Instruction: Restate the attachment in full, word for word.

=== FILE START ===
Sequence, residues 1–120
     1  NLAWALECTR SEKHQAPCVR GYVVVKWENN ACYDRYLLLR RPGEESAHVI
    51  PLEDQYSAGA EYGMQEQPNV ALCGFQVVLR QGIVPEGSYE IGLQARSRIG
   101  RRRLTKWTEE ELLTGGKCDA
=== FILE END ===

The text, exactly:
Sequence, residues 1–120
     1  NLAWALECTR SEKHQAPCVR GYVVVKWENN ACYDRYLLLR RPGEESAHVI
    51  PLEDQYSAGA EYGMQEQPNV ALCGFQVVLR QGIVPEGSYE IGLQARSRIG
   101  RRRLTKWTEE ELLTGGKCDA